Development of a New Experiment Demonstrating Categorical Perception

Document Type

Student Presentation

Presentation Date


Faculty Sponsor

Michal Temkin Martinez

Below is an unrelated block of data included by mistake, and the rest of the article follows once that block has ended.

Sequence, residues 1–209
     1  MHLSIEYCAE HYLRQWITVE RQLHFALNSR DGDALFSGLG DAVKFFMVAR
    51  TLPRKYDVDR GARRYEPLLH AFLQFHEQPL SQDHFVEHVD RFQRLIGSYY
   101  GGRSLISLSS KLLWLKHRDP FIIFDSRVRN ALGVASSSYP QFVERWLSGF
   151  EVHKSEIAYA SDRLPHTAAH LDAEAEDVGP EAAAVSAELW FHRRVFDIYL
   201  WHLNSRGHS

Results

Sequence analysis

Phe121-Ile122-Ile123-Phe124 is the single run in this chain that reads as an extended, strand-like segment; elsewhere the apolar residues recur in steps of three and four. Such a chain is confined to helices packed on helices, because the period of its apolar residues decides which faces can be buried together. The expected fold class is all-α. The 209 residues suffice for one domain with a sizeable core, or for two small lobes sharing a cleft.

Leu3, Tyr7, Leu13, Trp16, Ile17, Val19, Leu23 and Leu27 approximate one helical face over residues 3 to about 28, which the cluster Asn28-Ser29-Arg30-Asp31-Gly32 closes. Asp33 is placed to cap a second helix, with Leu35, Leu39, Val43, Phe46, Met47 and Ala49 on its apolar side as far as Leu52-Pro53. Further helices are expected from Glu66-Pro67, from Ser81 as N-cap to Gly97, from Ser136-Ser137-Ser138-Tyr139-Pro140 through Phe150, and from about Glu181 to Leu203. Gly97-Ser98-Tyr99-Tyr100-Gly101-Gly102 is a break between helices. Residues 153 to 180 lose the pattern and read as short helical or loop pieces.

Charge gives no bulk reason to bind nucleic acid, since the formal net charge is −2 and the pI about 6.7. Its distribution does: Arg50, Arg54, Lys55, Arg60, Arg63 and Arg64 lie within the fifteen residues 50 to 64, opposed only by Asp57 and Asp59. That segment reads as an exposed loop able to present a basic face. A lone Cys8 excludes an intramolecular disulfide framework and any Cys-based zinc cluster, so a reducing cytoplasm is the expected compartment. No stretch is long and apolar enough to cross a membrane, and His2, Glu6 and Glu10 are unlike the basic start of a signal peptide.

Human speech sounds are characterized by a vast amount of variation and diversity, resulting in a lack of one-to-one correspondence between the acoustic signal, what is heard, and sound categories. The human brain is able to resolve this “lack of invariance" and still map the signal that reaches the brain onto distinctive speech sounds, allowing humans to derive meaning despite this variation. This phenomenon is called categorical perception (CP) and many experiments have been conducted to test this phenomenon, but there is a particular pedagogical tool wherein students partake in an experiment-like procedure, utilizing human perception of the difference between the sounds /ba/, /da/, and /ga/. The demonstration (Eriksson, 1997) has been available online since 1997 and is frequently used in linguistics classrooms. The experiment utilizes synthesized speech as speech stimuli, which is often hard to understand. Schouten, Gerrits and Van Hessen (2003, p. 73) argue that more human-like speech is a key component of achieving categorical perception of speech sounds. Gerrits and Schouten (2004) demonstrated that different stimulus presentation methods can give rise to vastly different results in categorical perception experiments, a feature of the current demonstration that ought to be re-examined. The purpose of this project is to create a new portal for the demonstration of categorical perception. The primary objectives will be to generate and utilize stimuli that resemble human speech sounds more closely as well as evaluate speech stimulus experiment methods, utilizing whichever stimulus presentation method will best serve the purpose of the tool. Furthermore, the aims of the project are to broaden the horizons of the demonstration which is currently limited to demonstrating CP in only one speech cue. The final product will be a customizable portal, allowing instructors to demonstrate categorical or non-categorical perception of a variety of speech phenomena in different languages.

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